Traveling westward the Holy Family came to the place now known as Sakha, a town 135 km. north of Cairo. In Sakha we visit the Church of the Holy Virgin, probably built on the location of one of the four prominent monasteries in medieval times in this area. Only one of these monasteries, Dimyana, survived unto this day.
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Dimyana is a mixed Christian-Muslim village, with a convent built on a spot where according to the tradition, the Holy Family passed through the nearby area of Burullus. The name of the convent goes back to St. Dimyana who chose the trodden place of the Holy Family to worship God, and where she was martyred along with 40 virgins during the persecution of the Roman Emperor Diocletian (284-305).
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After Daqadus, the Holy Family fled to Samannud which was once an important city in pharaonic and Ptolemaic times. It is said that the Holy Family stayed here between 14 to 17 days as they were warmly welcomed by the local population. We need to go through a narrow street to reach the famous Church of St. Apa Nub; a twelve year old 3rd century martyr. The church treasures his relics which are preserved in a tube and covered with spices and perfumes, following the way Jesus’ body was wrapped with spices: “And when the Sabbath was past, Mary Magdalene, and Mary the mother of James, and Salome, bought sweet spices, that they might come and anoint him.” [Mark 16:1]. The tube containing the relics is wrapped into a scarlet colored piece of cloth with the saint’s picture on it and is kept in a shrine. Occasionally priests remove the tube from the shrine in order to give the pilgrims blessings from it.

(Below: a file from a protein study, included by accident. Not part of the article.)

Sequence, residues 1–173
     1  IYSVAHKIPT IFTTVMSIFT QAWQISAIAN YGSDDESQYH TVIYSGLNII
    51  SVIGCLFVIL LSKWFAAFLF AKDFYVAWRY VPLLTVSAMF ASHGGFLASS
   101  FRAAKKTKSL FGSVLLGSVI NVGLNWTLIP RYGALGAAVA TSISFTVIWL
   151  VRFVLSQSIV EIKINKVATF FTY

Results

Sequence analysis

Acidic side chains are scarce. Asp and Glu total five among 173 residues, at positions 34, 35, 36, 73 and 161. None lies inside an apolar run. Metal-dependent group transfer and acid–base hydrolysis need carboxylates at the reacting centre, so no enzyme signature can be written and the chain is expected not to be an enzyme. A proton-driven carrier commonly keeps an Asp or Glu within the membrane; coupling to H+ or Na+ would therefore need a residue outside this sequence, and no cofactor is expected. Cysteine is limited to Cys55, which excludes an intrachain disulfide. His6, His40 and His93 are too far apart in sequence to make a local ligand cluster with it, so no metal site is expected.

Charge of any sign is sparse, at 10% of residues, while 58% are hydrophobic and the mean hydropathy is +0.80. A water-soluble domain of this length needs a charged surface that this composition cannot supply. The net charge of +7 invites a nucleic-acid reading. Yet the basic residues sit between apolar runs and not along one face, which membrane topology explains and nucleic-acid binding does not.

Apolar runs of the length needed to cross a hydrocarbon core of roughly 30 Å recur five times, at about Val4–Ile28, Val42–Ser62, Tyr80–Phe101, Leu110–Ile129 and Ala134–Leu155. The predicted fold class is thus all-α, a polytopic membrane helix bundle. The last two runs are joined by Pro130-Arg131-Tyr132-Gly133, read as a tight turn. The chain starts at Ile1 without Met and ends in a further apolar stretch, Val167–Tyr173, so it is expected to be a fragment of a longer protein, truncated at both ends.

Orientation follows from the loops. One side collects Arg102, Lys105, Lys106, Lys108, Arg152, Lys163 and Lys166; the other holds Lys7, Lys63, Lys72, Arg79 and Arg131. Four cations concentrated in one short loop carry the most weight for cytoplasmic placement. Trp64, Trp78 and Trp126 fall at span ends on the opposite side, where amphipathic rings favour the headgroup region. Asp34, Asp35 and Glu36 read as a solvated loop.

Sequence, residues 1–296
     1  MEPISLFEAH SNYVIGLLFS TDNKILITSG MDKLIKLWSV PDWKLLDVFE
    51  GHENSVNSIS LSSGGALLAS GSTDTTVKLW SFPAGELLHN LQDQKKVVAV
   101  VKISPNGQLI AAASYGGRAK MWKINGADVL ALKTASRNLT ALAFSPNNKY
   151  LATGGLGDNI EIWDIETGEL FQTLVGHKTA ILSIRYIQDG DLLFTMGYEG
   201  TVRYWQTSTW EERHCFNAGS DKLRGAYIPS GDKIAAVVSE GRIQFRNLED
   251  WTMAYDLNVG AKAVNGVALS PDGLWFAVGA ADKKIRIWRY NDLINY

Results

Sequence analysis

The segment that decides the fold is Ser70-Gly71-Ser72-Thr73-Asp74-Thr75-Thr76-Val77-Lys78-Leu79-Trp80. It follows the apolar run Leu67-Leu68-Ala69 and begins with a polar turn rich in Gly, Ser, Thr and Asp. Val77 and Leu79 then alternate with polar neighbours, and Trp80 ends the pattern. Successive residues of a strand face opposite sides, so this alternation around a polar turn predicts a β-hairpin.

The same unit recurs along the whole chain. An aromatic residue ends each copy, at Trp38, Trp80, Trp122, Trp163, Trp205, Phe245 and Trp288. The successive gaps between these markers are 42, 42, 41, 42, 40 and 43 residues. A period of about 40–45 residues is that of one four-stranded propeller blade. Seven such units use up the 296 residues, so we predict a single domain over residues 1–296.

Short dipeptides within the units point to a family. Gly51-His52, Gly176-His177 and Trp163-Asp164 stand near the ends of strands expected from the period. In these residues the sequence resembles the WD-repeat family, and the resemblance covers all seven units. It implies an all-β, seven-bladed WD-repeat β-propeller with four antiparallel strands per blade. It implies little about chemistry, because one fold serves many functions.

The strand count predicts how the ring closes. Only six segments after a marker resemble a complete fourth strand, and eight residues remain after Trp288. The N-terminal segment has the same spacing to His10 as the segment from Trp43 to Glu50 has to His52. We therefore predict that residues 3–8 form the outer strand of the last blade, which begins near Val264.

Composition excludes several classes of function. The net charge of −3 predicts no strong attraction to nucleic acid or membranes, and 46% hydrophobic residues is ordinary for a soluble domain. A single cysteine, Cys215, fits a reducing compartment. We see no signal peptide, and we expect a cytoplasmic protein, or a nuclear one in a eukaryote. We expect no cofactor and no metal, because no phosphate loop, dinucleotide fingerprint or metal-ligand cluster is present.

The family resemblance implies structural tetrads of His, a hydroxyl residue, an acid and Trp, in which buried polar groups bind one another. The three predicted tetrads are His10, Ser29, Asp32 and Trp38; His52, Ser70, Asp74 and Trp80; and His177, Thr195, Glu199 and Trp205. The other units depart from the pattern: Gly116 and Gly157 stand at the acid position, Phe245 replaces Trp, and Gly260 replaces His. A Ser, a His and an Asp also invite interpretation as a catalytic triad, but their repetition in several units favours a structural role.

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Daqadus comes from the Coptic ‘ti Theotokos’, which means ‘the mother of God’. Local Christians believe that Daqadus is a place where the Holy Family was well received. For that reason, Daqadus became a blessed site throughout the ages.
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According to tradition, at the moment the Holy Family entered the town, a funeral procession of a widow’s son was just leaving and Jesus felt compassion for her and raised him from death, a story that resembles the resurrection of the son of a widow in Naim [Luke 7:11-17]. On the other hand, the Armenian Infancy Gospel accounts that the Holy Family stayed here for six months until the Christ Child reached the age of 2.
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Musturud is actually part of greater Cairo, on the agricultural road from Cairo to Bilbays. Here we visit the Church of the Holy Virgin at Musturud in which the Holy Family found shelter after a long day of traveling. We will also see the cave where they rested and the well that Jesus created, which the Holy Family used for drinking, washing and bathing, that is why it is called al–Mahamma (bathing place).
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We visit the magnificent Coptic Orthodox Church of the Holy Virgin and Saint John in Zaqaziq. The church, which is one of the most beautiful churches in Egypt, was built by Greek Orthodox Christians in 1925 and sold to the Coptic Orthodox Church who celebrated their first Holy Liturgy there in 1995.
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